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It is unlikely that President Donald Trump will be able to convince North Korea to lay down its nuclear weapons system, despite some excellent—if unorthodox—displays of diplomacy. Trump’s approach in the North Korean negotiations has been distinct and offered a combination of pressure, unpredictability, flexibility, respect-culture, and cultivation of the personal touch.
The “maximum pressure” approach toward North Korea was unprecedented, not merely in the sanctions—particularly secondary sanctions—field, but also in the sector of military pressure. For all the decades of American experts telling us that China had no leverage in North Korea, Trump proved that pressure applied to on Chinese could be very effective, indeed. Presidents Obama and Clinton had asked Beijing to help them. It made North Korea America’s problem. Trump raised the spectre of war on China’s doorstep. Suddenly, it made North Korea China’s problem. North Korea quickly folded under the double pressure.
The real question is can Trump deliver? While the summit at Singapore had little meaning in real terms, it was the starting gun in a long, drawn-out process in which we have seen both signs maneuver with much fanfare, but with little actual progress. We also now have the spectre of the second summit (in Vietnam), announced during Trump’s State of the Union address. Seen against the light of Kim’s own New Year’s Day address, it is unclear where the two can compromise. In his address, Kim summarized North Korea’s economic situation—in terms of the second part of his Byungjin policy—now called the “new strategic line.” While this appears to emphasize North Korea’s economy, it is unclear whether or not the North believes this will entail denuclearization as the United States understands it.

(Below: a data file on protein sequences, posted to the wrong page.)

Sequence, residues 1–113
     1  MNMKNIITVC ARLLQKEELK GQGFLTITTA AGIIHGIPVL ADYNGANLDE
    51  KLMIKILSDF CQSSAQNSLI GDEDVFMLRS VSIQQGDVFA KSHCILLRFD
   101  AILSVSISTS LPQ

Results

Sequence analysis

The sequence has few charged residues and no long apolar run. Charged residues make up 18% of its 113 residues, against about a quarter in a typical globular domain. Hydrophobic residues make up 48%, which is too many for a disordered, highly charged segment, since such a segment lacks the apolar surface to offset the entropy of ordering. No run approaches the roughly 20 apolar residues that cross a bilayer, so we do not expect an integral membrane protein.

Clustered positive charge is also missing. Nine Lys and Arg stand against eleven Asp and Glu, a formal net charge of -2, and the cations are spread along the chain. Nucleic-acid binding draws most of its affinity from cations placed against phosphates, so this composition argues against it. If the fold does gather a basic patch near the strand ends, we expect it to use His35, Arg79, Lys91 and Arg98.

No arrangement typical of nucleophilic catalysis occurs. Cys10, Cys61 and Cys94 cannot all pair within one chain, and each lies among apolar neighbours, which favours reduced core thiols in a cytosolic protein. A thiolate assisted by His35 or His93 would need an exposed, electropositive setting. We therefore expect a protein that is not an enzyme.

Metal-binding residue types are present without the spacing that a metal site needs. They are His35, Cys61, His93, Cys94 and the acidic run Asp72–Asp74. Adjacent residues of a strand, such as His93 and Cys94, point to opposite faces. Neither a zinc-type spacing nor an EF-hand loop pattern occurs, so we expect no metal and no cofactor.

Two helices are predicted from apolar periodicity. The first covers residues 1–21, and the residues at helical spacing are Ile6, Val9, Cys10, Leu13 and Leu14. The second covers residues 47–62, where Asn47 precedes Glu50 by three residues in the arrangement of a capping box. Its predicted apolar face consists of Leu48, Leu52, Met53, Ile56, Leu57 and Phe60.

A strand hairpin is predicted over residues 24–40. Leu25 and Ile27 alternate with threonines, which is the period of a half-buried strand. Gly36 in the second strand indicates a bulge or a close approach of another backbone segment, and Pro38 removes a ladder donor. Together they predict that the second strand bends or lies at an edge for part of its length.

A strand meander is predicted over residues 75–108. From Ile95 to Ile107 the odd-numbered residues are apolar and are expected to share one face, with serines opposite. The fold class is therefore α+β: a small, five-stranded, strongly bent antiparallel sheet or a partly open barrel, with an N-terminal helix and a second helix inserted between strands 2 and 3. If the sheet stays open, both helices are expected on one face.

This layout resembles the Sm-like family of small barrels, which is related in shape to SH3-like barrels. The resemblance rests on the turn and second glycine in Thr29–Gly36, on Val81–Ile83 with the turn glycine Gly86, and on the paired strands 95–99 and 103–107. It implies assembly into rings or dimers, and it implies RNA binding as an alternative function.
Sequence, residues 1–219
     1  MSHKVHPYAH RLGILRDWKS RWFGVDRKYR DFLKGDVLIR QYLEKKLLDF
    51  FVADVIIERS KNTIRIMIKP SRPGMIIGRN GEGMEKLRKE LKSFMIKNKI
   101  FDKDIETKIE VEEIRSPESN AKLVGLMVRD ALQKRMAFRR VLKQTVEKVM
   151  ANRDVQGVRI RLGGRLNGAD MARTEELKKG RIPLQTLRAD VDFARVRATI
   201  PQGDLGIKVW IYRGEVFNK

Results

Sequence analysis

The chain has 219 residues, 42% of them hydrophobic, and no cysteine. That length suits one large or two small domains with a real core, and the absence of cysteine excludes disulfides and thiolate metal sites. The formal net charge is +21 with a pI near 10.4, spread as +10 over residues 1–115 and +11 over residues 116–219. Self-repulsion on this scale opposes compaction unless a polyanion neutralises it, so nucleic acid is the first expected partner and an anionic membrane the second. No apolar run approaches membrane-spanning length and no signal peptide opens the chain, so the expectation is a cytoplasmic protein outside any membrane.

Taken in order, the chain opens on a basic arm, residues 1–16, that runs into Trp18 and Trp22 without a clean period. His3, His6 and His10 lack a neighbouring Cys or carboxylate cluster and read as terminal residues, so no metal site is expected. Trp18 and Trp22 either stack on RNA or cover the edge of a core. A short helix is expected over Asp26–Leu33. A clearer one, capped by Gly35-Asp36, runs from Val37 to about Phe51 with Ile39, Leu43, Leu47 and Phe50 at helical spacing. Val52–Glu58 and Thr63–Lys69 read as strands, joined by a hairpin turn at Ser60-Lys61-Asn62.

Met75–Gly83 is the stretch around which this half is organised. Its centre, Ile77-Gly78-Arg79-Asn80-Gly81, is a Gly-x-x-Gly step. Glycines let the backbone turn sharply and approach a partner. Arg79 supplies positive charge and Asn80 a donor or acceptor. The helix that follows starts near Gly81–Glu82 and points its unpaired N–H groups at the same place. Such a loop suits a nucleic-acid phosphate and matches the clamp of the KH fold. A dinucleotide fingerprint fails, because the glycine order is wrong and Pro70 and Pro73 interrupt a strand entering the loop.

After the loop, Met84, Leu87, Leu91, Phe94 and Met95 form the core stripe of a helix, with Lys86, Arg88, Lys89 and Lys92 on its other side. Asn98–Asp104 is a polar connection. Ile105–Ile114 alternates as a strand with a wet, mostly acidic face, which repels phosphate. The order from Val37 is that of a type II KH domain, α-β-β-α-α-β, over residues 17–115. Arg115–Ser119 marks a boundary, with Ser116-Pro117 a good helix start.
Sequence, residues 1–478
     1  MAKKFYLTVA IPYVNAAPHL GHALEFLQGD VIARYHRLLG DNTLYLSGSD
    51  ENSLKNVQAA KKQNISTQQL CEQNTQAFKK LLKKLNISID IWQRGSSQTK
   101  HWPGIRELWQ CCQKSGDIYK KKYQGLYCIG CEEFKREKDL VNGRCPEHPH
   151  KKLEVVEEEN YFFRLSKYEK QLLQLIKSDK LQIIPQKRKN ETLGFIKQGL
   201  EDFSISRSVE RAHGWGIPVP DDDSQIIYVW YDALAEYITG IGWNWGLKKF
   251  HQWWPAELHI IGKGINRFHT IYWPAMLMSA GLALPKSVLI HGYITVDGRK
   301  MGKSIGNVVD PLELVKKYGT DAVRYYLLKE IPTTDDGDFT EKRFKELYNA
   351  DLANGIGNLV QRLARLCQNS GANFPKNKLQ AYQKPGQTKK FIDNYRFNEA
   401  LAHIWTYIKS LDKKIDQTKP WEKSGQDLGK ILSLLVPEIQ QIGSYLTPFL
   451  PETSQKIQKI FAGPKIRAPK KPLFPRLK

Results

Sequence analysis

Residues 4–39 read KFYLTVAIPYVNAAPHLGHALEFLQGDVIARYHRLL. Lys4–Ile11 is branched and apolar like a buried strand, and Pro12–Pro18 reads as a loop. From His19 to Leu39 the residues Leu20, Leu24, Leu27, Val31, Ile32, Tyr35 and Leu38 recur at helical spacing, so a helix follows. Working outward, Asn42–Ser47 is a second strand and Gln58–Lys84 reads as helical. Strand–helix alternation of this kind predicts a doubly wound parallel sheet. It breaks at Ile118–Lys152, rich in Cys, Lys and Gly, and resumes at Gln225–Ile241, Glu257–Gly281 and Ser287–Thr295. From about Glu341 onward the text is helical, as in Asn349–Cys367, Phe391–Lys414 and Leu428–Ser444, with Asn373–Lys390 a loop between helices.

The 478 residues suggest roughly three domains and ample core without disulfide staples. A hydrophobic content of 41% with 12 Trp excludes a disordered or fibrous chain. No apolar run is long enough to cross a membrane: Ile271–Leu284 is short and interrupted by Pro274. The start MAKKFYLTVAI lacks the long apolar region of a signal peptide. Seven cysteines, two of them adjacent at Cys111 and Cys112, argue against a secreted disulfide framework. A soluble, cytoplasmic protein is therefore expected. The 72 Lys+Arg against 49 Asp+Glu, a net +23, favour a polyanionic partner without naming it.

In the speech, there are other “promising” signs that are actually quite worrying. First, he portrays North Korea as a responsible nuclear weapons possessor, which strongly hints at his continued belief in an India-style deal whereby he is allowed to keep his weapons. Second, it is becoming increasingly clear that the North Korean regime is confident it can de-link the United States from its South Korean ally, something to which the progressive Moon Jae-in government’s deal-at-any-cost approach has unwittingly contributed. Given the country’s role in hosting U.S. troops and upholding sanctions, it is a vital part in sustaining Washington’s maximum pressure campaign should talks fail. The North Korean leader’s confidence is a disconcerting sign of the unraveling of the U.S. position. Whether Donald Trump can rectify these structural issues remains to be seen.
Dr. John Hemmings is Director of the Asia Studies Centre at the Henry Jackson Society and an adjunct fellow at the Centre for Strategic and International Studies. He is based in London.